Occurrence of depression and anxiety disorders according to the period of abstinence in patients addicted to gambling and alcohol
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Independent Laboratory of Mental Health, Medical University, Lublin, Poland
24-Hour Ward for Alcohol Abuse Treatment, Prof. Kaczyński Neuropsychiatric Hospital, Lublin, Poland
Department of Psychiatry, Medical University, Lublin, Poland
Corresponding author
Aneta Pyłypczuk   

Pyłypczuk, Neuropsychiatric Hospital, Abramowicka 2, 20-442 Lublin, Poland, tel.: +48 504-183-706.
J Pre Clin Clin Res. 2011;5(1):28-30
Psychiatric disorders are widely prevalent worldwide, and addictions to psychoactive substances have been dominant until recently, while increasingly more often there occur activity-addictions, e.g. to gambling. Concomitant mental disorders may contribute to the persistence of problems associated with addictions. The objective of the study was evaluation of the occurrence of depressive and anxiety disorders with respect to the period of abstinence, in 3 groups of addicts.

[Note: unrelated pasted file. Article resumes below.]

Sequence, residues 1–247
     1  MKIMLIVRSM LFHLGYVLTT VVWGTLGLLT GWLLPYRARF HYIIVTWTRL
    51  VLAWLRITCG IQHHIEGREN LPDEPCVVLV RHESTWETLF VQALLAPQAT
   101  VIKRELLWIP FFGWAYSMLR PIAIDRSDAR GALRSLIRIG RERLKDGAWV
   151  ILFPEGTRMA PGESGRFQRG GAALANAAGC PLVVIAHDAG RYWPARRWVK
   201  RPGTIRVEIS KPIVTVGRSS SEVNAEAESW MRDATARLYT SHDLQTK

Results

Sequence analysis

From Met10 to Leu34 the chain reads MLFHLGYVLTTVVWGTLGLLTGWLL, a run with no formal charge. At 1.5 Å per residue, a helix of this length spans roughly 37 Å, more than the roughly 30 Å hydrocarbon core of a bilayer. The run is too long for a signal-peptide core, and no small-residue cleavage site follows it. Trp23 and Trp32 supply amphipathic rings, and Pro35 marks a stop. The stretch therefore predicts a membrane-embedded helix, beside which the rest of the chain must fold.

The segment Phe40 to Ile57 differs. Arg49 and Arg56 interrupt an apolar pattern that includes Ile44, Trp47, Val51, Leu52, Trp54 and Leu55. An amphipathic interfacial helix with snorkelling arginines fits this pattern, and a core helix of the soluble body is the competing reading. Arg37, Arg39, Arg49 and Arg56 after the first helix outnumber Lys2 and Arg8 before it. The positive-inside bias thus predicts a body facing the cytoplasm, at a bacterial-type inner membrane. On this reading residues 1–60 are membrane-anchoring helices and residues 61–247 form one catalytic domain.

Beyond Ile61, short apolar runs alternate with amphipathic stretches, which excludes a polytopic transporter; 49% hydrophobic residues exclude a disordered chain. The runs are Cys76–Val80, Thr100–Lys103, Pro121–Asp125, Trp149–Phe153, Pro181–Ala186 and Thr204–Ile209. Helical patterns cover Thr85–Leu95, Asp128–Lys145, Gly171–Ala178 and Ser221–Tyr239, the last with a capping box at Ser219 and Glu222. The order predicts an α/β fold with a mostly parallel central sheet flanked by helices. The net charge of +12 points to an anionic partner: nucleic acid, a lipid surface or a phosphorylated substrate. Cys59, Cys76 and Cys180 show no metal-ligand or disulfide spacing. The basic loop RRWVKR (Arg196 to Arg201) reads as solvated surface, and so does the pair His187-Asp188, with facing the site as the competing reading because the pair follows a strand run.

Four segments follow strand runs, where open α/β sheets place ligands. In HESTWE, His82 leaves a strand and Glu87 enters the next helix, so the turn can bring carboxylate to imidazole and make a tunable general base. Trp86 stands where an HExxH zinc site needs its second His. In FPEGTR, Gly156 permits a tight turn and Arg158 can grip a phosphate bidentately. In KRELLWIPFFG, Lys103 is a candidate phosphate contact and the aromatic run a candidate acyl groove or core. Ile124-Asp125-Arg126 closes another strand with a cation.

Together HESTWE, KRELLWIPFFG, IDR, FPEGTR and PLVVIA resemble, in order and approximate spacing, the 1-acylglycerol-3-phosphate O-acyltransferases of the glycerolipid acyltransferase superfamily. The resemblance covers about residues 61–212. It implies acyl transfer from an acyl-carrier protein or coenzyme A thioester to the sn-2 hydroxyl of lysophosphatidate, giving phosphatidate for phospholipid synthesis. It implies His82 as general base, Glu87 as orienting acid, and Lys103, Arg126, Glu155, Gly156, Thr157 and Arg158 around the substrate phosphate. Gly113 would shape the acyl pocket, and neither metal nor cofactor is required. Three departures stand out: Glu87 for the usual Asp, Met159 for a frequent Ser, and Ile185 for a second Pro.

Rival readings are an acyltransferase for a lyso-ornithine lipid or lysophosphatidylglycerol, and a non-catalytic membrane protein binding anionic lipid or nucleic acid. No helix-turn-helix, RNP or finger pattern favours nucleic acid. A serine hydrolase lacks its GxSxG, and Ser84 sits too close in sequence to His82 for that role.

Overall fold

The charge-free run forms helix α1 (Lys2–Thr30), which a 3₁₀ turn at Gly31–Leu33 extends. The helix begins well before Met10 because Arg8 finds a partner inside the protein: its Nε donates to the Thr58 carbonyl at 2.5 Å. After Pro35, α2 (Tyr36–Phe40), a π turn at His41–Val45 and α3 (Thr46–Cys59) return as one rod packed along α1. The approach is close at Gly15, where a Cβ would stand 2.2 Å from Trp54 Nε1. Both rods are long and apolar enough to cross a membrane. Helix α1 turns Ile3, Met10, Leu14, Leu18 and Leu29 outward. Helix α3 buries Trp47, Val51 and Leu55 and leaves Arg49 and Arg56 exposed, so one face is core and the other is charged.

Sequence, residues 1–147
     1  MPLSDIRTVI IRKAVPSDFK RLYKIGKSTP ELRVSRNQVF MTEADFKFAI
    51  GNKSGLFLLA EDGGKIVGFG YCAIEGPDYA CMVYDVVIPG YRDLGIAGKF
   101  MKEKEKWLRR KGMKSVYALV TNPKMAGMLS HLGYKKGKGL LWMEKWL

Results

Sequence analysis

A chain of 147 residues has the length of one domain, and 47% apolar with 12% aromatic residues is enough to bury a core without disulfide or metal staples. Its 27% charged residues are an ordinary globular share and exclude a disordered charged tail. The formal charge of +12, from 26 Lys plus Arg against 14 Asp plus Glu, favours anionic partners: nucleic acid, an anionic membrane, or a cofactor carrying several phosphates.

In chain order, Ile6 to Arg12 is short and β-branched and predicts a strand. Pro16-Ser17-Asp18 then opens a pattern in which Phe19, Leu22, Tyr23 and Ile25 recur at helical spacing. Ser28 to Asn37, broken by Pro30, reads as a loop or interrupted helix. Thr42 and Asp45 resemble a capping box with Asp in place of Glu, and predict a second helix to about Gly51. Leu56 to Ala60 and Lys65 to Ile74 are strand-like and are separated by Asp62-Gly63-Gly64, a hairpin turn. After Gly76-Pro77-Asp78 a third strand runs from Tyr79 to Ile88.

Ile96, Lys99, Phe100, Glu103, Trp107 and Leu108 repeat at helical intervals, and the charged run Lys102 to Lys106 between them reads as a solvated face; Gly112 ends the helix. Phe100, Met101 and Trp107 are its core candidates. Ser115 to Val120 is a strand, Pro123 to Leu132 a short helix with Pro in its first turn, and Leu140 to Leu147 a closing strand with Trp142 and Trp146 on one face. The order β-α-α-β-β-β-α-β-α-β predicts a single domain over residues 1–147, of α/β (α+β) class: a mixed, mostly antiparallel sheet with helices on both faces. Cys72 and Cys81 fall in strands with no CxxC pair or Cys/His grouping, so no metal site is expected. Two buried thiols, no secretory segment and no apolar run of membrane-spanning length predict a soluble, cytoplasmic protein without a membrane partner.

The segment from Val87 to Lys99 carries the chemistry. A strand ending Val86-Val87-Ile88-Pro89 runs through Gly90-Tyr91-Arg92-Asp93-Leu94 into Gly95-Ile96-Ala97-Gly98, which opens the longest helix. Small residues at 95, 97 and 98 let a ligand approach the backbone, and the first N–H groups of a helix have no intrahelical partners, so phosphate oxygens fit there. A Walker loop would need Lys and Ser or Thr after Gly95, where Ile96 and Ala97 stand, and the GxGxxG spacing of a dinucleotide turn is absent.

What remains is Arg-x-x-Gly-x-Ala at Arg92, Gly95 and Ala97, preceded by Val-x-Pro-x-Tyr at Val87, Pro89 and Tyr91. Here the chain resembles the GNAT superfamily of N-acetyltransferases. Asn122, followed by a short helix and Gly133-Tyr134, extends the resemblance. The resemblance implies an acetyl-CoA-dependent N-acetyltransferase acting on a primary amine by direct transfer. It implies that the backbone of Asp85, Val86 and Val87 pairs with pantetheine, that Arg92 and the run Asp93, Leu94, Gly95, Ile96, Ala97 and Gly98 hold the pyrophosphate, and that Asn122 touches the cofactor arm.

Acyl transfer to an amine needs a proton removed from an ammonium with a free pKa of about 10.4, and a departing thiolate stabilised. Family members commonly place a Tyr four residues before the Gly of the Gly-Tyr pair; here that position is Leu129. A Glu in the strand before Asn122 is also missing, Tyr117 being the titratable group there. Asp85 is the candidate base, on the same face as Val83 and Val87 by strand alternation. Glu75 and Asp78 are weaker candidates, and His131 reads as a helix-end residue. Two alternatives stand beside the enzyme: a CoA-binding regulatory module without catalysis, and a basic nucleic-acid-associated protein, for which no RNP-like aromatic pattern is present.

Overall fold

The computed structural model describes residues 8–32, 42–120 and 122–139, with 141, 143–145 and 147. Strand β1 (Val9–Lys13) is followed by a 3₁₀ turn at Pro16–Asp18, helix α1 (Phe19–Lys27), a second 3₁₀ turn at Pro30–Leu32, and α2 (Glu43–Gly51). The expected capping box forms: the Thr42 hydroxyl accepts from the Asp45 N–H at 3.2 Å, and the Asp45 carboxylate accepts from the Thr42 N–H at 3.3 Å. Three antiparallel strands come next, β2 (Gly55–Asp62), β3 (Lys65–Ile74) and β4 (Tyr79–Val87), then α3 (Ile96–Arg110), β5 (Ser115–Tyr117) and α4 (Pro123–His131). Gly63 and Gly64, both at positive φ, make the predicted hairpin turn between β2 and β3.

Material and Methods:
The study covered a group of 101 individuals addicted to alcohol and gambling, and conducted during the period from November 2010 – April 2011. The Hamilton Anxiety and Depression Rating Scales and Depression Anxiety and Stress Scales (DASS-42) were used, and a questionnaire form designed by the author applied.

Analysis showed that the time of abstinence was the longest in the group of gambling addicts, while it was the shortest among patients addicted to alcohol. Examination by means of the DASS-42 Scale confirmed the presence of depression in 71.05% of patients in Group I - patients addicted to alcohol; 87.10% in Group II - patients addicted to alcohol concomitant with gambling, and 75% in Group III - patients addicted to gambling only. Anxiety disorders were observed in 81.58% of patients in Group I, 64.52% in Group II, and 53.13% in Group III. The results obtained in the Hamilton Depression Rating Scale showed that depression occurred in 60.53% of patients in Group I, 74.19% in Group II, and 78.12% in Group III, whereas anxiety was noted in 23.68% of respondents in Group I, 41.94% in Group II, and 28.12% in Group III.

It was concluded that depression occurred most frequently in the group of patients addicted to gambling, where the time of abstinence was the longest; both depression and anxiety disorders occurred most rarely in the group of patients addicted to alcohol, where the time of abstinence was the shortest; and anxiety disorders were most frequently observed in the case of concomitant alcohol and gambling dependence, or addiction to gambling only.

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